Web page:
News & Events

The Biology Department welcomes new faculty members

Louis Marie BobayLouis-Marie Bobay

Dr. Bobay’s lab focuses on the evolution of microbial genomes and populations. They apply and develop computational approaches to elucidate the forces that shape the architecture and gene repertoire of microbial genomes. The lab is particularly interested in understanding the impact of population dynamics on microbial evolution. They are working on the evolution of gene flow across bacterial populations and on the processes leading to microbial speciation.


Sally Koerner

Sally Koerner

Dr. Koerner’s lab focuses on community ecology and biodiversity – what is biodiversity, how is it created and maintained, how does it influence ecosystem function, and how is global change altering it? This research program is field-based and hypothesis-driven and utilizes plant and animal communities in North America (e.g., tallgrass prairie, shortgrass steppe) and Africa (e.g., savannas, tropical forests). They employ a combination of observational studies and both short- and long-term experimental manipulations in order to permit robust conclusions about fundamental ecological processes that maintain and control biodiversity and ecosystem function as well as how various anthropogenic factors alter these relationships. In addition, the research uses data synthesis and meta-analysis techniques to provide global scale inferences about biodiversity.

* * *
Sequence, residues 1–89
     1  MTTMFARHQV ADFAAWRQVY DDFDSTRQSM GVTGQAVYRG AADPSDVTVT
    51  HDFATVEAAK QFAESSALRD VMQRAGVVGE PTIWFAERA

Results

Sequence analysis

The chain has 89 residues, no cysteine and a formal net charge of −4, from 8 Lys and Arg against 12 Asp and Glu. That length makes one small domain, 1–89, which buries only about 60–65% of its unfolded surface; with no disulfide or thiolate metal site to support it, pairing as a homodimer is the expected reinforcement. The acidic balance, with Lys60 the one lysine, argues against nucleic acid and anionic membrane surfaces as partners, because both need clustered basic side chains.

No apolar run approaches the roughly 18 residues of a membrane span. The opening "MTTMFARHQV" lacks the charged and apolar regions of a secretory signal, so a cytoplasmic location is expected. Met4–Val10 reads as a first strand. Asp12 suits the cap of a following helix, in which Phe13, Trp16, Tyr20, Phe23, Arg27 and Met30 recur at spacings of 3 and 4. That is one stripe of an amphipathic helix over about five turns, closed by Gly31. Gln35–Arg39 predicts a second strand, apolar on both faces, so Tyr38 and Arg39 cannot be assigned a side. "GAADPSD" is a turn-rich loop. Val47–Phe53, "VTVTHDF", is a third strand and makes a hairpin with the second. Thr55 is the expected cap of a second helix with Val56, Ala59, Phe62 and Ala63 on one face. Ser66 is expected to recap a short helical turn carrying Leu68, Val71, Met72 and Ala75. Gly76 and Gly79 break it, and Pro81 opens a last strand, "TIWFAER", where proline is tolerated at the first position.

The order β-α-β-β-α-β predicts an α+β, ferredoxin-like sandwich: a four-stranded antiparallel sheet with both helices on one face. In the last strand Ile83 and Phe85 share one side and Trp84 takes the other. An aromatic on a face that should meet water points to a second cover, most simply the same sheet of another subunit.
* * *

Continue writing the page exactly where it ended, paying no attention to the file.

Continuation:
Kasie Raymann

Kasie Raymann

As an evolutionary biologist, Dr. Raymann’s broad interest is in understanding how microbes evolve and adapt as populations and communities. Her research has addressed microbial evolution both at the broad-scale (e.g. ancient evolutionary relationships) and fine-scale (e.g. microbial community response to perturbation). Currently, her lab uses the honeybee, an important agricultural and environmental pollinator, as a model system to study the evolution and dynamics of host-associated microbial communities.